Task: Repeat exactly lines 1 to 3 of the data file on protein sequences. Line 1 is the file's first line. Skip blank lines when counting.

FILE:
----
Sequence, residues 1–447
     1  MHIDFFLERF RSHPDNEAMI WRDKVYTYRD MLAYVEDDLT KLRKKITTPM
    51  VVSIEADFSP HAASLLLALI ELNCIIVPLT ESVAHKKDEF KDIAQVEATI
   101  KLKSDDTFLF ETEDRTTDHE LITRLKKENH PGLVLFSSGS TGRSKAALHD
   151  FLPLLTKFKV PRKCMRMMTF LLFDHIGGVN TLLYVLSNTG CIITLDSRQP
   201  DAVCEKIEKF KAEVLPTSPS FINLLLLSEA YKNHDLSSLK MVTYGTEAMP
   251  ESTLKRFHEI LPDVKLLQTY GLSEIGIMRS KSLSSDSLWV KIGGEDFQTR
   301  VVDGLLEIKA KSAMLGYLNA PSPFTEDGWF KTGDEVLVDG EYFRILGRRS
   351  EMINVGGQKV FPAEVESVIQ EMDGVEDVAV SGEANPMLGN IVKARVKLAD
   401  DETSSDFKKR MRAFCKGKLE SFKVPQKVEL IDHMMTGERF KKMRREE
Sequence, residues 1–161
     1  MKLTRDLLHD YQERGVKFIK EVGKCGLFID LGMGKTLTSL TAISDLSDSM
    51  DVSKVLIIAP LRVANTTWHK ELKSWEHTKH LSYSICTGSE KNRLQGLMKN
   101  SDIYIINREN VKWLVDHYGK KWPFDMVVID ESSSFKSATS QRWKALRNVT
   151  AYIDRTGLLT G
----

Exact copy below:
Sequence, residues 1–447
     1  MHIDFFLERF RSHPDNEAMI WRDKVYTYRD MLAYVEDDLT KLRKKITTPM
    51  VVSIEADFSP HAASLLLALI ELNCIIVPLT ESVAHKKDEF KDIAQVEATI